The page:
Cord-Cutting Isn't What's Killing Broadcast And Cable

Greedy TV ad loads on programming are doing great harm to broadcast and cable TV.

Seraj Bharwani, Chief Strategy Officer of AcuityAds, put it more plainly: “Ad loads of 20 minutes and more per hour destroyed broadcast TV.” He  says it doesn’t help that rising adoption of Netflix, Amazon Prime Video and Disney+ -- ad-free streaming at comparably inexpensive costs to consumers -- is helping much, either.

For over 20 years, TV consumers have been able to skip TV commercials. At the start, they may have felt this was revolutionary -- time-shifting technology was a breakthrough.

What’s the problem now? All these years later, modern TV consumers want it even easier.

They don’t want to bother with trying to master subtle, tactile thumb moves on TV remotes to skip every nanosecond of TV advertising.

In return for this ease, they will still get less advertising -- at least with streaming services that promise a slight five minutes of ad time per program hour.



Over the last several years, networks began proselytizing cutting back on that 20 minutes per hour of non-program content time -- stuff that includes paid-national TV advertising, local TV advertising, and on-air promos.

But as of today, the bottom-line result has showed little overall progress. This isn’t to say that some networks have tried. But it can be difficult when traditional TV viewing keeps plummeting, and advertising slipping.

Follow the trends lines in both directions: How fast can TV boost streaming services' ad revenues versus drifting lower live, linear TV ad revenue?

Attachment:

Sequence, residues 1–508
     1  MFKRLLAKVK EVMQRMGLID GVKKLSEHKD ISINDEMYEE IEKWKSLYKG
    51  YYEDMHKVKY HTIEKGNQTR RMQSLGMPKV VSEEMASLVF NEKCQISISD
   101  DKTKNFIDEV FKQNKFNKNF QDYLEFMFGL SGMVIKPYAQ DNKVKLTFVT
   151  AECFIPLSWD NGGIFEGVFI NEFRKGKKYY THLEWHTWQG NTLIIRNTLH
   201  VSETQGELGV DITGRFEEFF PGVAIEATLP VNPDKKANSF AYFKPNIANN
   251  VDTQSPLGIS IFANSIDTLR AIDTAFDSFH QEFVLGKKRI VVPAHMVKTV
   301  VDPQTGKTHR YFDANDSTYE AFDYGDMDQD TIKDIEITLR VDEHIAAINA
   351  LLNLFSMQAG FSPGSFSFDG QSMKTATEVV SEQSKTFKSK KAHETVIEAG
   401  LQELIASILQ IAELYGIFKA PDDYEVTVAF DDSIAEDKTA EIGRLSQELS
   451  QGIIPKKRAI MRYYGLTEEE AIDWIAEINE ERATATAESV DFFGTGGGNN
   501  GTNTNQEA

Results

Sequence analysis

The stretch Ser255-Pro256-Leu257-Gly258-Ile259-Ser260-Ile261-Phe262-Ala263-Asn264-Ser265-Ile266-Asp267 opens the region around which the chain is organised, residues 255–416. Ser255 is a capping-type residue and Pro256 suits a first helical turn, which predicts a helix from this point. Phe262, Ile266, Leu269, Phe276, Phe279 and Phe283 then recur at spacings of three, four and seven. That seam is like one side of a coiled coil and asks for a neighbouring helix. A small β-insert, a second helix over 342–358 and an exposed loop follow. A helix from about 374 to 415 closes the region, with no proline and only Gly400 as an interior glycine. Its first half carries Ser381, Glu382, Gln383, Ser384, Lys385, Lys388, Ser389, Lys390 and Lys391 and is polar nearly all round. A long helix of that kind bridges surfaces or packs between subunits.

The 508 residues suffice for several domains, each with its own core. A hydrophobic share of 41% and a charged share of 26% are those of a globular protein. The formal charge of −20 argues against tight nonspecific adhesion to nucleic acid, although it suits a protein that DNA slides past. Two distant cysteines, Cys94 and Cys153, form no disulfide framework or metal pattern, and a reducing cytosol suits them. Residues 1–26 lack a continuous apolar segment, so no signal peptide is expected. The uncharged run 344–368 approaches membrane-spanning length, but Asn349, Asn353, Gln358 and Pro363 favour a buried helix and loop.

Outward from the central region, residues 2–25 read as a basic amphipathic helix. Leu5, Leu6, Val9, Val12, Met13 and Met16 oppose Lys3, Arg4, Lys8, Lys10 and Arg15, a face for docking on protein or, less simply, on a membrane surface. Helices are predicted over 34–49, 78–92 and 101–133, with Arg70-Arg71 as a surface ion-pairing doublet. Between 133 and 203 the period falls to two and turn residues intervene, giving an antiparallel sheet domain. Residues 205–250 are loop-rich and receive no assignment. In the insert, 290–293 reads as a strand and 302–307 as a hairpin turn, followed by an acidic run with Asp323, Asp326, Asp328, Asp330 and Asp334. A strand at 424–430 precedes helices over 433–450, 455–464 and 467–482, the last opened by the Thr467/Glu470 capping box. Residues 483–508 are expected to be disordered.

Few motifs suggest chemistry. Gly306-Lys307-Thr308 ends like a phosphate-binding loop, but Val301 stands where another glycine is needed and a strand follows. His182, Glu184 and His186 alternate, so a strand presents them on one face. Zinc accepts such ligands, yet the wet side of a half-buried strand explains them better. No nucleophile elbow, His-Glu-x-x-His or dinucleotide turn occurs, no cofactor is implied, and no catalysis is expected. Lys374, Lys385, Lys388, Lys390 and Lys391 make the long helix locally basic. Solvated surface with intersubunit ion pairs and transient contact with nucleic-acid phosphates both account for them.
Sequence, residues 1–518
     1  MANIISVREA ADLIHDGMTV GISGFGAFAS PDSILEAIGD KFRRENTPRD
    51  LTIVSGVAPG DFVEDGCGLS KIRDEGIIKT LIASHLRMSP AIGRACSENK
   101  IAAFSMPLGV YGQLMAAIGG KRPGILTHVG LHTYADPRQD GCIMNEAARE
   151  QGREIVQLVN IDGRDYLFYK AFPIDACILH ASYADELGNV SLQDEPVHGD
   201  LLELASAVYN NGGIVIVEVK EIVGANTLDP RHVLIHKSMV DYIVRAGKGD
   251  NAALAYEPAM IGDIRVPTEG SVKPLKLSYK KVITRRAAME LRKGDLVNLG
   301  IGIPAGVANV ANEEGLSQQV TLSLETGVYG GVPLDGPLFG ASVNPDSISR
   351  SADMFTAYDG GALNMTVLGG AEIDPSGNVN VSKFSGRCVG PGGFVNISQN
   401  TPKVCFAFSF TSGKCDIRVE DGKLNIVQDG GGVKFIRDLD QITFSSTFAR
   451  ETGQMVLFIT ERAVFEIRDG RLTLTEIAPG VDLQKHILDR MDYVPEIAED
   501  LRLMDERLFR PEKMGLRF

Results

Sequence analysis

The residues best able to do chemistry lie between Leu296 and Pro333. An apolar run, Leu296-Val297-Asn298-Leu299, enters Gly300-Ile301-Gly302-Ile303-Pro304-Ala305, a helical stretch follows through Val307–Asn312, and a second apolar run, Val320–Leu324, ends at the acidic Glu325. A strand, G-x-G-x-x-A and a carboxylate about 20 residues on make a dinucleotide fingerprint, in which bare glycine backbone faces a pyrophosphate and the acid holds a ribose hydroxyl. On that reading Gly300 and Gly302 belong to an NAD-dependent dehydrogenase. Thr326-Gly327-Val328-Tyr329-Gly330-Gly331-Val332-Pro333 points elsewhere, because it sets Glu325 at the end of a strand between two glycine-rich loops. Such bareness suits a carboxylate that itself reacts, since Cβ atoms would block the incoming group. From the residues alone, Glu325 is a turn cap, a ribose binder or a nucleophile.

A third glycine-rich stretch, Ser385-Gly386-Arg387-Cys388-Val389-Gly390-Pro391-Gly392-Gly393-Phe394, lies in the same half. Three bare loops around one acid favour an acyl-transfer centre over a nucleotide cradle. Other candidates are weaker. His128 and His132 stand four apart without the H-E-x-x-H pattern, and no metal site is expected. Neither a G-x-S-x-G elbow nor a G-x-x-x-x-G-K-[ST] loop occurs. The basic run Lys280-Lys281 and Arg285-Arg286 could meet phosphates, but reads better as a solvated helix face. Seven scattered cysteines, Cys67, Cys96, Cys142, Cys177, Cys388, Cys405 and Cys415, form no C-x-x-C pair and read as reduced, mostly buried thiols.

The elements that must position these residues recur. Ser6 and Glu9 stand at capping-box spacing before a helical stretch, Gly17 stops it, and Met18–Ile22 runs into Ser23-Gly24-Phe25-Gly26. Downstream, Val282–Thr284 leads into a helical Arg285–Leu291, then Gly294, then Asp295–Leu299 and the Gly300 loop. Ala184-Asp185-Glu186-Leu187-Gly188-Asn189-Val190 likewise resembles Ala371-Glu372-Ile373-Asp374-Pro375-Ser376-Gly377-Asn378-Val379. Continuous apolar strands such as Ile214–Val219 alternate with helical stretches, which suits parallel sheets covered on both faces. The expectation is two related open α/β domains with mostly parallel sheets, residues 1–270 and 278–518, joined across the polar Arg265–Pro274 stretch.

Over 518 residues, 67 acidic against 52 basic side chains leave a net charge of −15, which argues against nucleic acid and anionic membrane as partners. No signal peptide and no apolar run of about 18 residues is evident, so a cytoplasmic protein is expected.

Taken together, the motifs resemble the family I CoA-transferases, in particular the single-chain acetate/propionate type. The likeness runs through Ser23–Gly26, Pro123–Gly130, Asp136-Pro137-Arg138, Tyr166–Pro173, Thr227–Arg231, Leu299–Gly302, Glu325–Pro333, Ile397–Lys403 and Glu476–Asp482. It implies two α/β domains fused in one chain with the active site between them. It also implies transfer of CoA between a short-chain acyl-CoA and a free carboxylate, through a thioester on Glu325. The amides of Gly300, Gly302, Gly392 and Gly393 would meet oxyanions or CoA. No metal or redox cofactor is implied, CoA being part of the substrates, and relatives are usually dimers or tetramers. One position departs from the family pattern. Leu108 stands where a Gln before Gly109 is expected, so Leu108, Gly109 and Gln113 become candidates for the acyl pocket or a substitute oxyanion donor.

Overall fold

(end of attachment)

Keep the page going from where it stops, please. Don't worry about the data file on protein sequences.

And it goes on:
In the streaming world, advertising supply has a theoretically unlimited ad supply -- even with that limited five minutes or so of ad time per hour. Legacy TV networks can open up huge libraries of content for streaming, which can be ad-supported.

This isn’t possible on limited broadcast and cable TV network schedules. Still, much of this depends on getting viewers to raise "time spent" with services.

And then figure out what remains for ad avails on those linear TV network schedules.

The hope comes in the form of addressable advertising -- a process that enables marketers to micro-target their key consumers with little to no waste. For marketers, the downside means it’ll cost more to ensure highly valuable targeting. This is where TV networks hope to make up ground.

At this year’s upfront, all major TV network groups talked up addressable and advanced advertising as a competitive advantage against digital media platforms. Marketers aren’t giving up on legacy TV media; they still yearn for its massive reach and scale.